Double check, checkmate lesson

In chess there is a way to give a discovered check where the piece moving will give check and reveal a line of attack behind it Knights are good at this but bishops and rooks can also sometimes move to give double check.


fig 1a. Is this checkmate? Yes/No


fig 1b, I have removed blacks bishop on d6, is it still checkmate? Yes/No


fig 1c. I have removed just the knight and the bishop is back is this position checkmate? Yes/No

Well yes the first diagram is checkmate, the other two are not checkmate!!

When the king is in check from two pieces at the same time, because you can only block a lineof attack in one one move and you cannot block two lines of attack with any piece move from any square!! In figure 1b the knight gives check and can be captured in one move, and in fig 1c the bishop only gives check and can be captured or the line of attack can be blocked with the pawn moving one square forward. In figure 1a the bishop and the knight cannot be captured in one move, if it were allowed, the knight would be captured and the king is still in check from the bishop, or alternatively if the bishop is captured or blocked the knight still attacks the king.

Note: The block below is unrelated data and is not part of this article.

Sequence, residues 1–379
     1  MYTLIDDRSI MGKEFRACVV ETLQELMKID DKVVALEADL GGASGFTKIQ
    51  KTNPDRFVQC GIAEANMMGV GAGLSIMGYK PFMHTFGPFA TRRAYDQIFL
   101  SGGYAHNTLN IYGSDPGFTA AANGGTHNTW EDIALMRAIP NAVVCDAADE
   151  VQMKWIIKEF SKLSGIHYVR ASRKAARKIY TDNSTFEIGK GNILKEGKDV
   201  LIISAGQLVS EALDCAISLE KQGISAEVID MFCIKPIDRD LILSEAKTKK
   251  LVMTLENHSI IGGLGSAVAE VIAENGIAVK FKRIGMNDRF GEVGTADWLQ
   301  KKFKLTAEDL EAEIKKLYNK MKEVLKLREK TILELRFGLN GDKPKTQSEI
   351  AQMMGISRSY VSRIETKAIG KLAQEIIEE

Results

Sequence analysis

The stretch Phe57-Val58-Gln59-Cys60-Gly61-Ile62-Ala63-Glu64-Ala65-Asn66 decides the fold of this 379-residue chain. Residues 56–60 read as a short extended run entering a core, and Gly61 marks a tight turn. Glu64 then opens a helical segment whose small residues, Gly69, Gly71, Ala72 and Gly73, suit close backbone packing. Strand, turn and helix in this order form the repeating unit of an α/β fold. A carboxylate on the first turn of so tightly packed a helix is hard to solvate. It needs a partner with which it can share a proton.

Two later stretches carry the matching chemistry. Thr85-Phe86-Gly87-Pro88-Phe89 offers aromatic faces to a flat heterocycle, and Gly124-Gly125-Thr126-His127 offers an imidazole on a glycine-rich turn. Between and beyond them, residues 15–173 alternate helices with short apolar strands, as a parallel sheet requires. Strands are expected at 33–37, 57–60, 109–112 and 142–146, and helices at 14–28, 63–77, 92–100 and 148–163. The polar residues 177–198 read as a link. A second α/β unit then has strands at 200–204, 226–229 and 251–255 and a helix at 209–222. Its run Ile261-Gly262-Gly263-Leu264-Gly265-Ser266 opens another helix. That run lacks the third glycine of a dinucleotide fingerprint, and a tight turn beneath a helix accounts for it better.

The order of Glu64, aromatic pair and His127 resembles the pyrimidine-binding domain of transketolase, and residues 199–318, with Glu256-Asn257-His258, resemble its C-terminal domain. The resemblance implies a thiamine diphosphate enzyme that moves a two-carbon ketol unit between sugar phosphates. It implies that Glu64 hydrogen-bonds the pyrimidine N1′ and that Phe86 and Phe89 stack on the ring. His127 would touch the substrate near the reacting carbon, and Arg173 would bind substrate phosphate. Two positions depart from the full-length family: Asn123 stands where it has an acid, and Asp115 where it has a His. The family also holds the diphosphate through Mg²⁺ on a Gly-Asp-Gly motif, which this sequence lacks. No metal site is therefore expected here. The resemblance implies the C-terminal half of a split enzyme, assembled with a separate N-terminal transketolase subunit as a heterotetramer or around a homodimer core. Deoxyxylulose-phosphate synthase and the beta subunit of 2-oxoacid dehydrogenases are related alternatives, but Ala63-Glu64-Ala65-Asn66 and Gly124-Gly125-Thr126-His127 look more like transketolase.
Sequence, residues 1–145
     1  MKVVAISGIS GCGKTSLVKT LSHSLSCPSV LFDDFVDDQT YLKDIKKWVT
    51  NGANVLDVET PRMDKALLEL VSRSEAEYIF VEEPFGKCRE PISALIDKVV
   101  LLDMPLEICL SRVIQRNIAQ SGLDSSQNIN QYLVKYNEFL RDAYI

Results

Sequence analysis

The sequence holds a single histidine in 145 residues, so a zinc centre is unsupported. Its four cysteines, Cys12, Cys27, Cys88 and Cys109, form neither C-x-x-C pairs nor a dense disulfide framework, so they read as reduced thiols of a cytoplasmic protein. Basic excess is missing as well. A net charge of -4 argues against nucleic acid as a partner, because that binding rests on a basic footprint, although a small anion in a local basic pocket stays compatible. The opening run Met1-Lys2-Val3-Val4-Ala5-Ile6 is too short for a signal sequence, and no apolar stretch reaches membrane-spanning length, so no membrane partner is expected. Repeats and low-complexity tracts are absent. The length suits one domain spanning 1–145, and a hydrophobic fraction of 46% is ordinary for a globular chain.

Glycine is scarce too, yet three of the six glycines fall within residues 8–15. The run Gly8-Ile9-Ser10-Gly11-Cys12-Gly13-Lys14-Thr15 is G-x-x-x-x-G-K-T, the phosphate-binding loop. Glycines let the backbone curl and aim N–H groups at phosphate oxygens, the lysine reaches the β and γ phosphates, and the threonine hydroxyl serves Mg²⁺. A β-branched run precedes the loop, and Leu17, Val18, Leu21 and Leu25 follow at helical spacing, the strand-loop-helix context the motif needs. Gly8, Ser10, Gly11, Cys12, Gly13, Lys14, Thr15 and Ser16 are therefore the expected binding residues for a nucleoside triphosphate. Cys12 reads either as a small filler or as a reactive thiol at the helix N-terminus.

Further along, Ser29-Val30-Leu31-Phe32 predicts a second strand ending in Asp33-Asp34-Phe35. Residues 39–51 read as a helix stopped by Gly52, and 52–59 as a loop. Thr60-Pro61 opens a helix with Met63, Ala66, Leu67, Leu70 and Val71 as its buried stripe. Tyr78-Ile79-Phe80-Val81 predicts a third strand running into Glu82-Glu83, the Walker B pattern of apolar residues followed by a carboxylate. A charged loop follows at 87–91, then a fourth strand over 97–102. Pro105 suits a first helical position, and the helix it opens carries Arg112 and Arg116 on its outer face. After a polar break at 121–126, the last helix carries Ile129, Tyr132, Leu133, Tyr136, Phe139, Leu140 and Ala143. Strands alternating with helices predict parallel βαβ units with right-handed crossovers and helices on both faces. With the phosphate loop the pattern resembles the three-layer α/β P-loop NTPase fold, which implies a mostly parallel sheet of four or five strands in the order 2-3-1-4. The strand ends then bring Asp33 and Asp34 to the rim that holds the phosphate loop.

This is why double check is so powerful. In figure 1a, we know that it is double check and the king must move that is a rule now! but the king is never allowed to capture it’s own sides pieces or pawns so all it’s squares are killed off by the pawn on h3 and g2 and g3 is attacked by the bishop and the king can only move one square in any direction, the rook attacks h1 and g1 flight squares from f1. The king is checkmated. There is no escape square or block or capture.

Alternatively if you take away the f1 rook it is no longer checkmate as the king has two flight squares g1 and h1.




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